Coughlan, a Porter Scholar majoring in neuroscience and minoring in biology, knew he would study science at Skidmore, but has also delved deeply into videomaking. This summer, he is producing a high-quality documentary to show the science behind the organic fruit and vegetable juices of the Clarity Juice startup. “At Clarity, I get to pursue both of my passions—science and video,” he says. “Skidmore has allowed me to go with and leverage my strengths.”

Guevin, a gender studies major who is considering policy work at a think tank after graduation, has been on the frontlines doing HIV-related counseling with transgender youth and young women of color for programs sponsored by Brooklyn College. She says, “Talking with young people who are HIV-at-risk and HIV-positive is challenging, but knowing the incredible range of resources available to them such as housing, GED programs, and counseling, I know that I can help them, which feels good.” A lesbian who grew up in the inner city, Guevin says she feels at home working with her diverse client population.

2014 Summer Funded Interns

Devany Baez ’14: SSFIAP–Megan McAdams ’08 International Community Service Award—Carismaperu, Huancayo, Peru

Kriti Behari ’14: SSFIAP—Pathology Dept., Sanjay Gandhi Post Graduate Institute of Medical Sciences, Lucknow, India

Christopher Coughlan ’15: SSFIAP–Elizabeth Marie Glotzbach Film Industry Award—Clarity Juice, Saratoga Springs, NY

Olivia Frank ’16: SSFIAP–Megan McAdams ’08 International Community Service Award—Cambodian English School of Higher Education

Sibonginkhosi Gama ’15: SSFIAP—Saratoga Water Co., Saratoga Springs, NY

Mariah Guevin ’15: SSFIAP—Brooklyn University’s Downstate Medical Center, Brooklyn, NY

Maya Gurung ’15: SSFIAP—US Department of Immigrants and Refugees, Albany, NY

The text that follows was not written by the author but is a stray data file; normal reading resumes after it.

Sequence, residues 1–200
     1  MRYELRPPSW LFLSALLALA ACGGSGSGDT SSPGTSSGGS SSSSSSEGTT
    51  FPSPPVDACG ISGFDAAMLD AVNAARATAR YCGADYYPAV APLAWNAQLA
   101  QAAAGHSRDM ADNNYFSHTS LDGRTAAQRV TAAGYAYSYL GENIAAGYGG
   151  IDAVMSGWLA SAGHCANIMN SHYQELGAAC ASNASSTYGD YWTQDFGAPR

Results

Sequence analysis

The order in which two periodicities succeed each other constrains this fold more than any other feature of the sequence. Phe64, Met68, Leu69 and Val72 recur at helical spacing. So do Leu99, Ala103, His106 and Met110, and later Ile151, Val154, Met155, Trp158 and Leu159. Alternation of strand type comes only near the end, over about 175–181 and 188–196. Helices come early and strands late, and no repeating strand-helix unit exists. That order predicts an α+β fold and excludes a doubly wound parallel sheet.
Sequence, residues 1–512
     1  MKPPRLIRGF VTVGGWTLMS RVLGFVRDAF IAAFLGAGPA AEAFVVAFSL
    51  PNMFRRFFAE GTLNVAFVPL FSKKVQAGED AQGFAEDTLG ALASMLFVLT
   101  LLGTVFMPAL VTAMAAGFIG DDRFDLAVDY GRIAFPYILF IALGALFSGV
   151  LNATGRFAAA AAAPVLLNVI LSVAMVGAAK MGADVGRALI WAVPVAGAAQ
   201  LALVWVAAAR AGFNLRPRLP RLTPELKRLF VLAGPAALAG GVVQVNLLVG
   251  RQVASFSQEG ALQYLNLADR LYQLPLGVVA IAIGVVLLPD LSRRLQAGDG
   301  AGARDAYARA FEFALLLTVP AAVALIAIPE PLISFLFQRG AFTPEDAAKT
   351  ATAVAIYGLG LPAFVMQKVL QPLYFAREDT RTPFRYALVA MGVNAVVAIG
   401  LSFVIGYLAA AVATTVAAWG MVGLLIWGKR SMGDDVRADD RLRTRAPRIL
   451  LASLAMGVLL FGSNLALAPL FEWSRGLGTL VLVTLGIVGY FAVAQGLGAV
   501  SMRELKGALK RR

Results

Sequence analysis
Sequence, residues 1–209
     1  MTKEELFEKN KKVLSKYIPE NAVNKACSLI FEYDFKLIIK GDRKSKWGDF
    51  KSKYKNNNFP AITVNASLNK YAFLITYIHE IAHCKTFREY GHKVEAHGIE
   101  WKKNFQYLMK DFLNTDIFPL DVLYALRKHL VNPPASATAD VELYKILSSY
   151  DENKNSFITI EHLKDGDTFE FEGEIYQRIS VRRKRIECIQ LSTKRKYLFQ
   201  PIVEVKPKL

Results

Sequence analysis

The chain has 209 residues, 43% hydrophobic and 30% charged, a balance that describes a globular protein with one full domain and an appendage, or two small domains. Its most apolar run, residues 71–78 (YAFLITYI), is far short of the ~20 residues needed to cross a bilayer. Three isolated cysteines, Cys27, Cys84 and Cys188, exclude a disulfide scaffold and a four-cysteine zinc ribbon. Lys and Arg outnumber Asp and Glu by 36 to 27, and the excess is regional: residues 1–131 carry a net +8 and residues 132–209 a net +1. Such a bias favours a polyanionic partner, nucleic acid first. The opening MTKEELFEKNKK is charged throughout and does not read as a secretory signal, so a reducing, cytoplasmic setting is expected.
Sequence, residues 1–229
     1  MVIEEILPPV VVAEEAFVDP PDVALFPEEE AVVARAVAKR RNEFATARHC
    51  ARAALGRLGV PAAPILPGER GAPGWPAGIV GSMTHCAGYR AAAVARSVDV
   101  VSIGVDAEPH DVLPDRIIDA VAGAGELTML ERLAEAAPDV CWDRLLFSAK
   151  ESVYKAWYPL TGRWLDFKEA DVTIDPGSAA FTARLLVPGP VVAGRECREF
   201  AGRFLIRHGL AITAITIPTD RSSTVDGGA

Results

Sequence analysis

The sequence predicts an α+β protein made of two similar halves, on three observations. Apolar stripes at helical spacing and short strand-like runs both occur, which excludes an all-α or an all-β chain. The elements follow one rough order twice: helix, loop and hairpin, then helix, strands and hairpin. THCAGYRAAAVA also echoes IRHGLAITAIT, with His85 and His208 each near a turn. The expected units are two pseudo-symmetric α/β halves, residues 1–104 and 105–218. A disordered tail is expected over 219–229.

Hillary Hersh ’14: SSFIAP—Arts Unbound, Orange, NJ

Sarah Hoenig ’15: SSFIAP—Citizens' Environmental Coalition, Albany, NY

Elizabeth Hopkins ’15: SSFIAP—Tate House Museum, Portland, ME

Rebecca Lipstein ’17: SSFIAP—Valley Hospital, Ridgewood, NJ

Aneta Molenda ’14: Parents Council Award—Polish Institute of Arts and Sciences, New York, NY

Chelsea Nuesi ’17: SSFIAP—Word Up, New York, NY

Ayelen Pagnanelli ’14: SSFIAP–Gilbert Arts Administration Award—BRIC, Brooklyn, NY

Emily Przysinda ’15: SSFIAP—Concepts, Actions, and Objects Lab, University of Rochester, Rochester, NY

Juanita Tabb ’15: SSFIAP—Ohio Civil Rights Commission, Dayton Regional Office, Dayton, OH

Nino Tsintsadze ’14: SSFIAP—Georgian Mission to the UN, New York, NY

2014 New World Fellows (New World Foundation/Roosevelt Campus Network, New York, NY)

Argent Alija ’17: Jamaica NeOn

Annys Aristy ’16: Department of Youth and Community Development

Nancy Baez ’16: Word Up

Lydia Bioh ’15: Summer Youth Employment Program

Akil Boney-Gill ’17: CYCD, Literacy Program Unit

Fatuma Ceesay ’17: Department of Youth and Community Development

Ana Cruz Reyes ’16: Summer Youth Employment Program

Diki Dolma ’17: NY Peace Institute

William Espinal ’17: Department of Probation for Kings County, Brooklyn Juvenile Operations

Miguel Herrera ’17: Department of Probation, South Bronx NeOn

Ashley Narvaez ’16: Department of Youth and Community Development, SOS Project

Jonathan Ogunleye ’17: Department of Youth and Community Development

Thomas Patino ’16: Common Justice

Vanessa Quintero ’17: Department of Probation, Central Office, Juvenile Operations

Jessica Saney ’16: Department of Youth and Community Development, SOS Project

2014 Summer Funded Internship Awards (SSFIAP)*

• Megan McAdams ’08 International Community Service Award: 9 applied, 2 selected
• Parent’s Council: 47 applied, 1 selected
• SSFIAP ’14: 85 applied, 12 selected
• Elizabeth Marie Glotzbach Award: 4 applied, 1 selected
• Gilbert Arts Administration Award: 6 applied, 1 selected
• New World Fellows Foundation: 30 applied, 15 selected

* Many of the students above applied for more than one award, and this list does not include SEE-Beyond, environmental studies, RCIAP (SGA), or the Levine awards.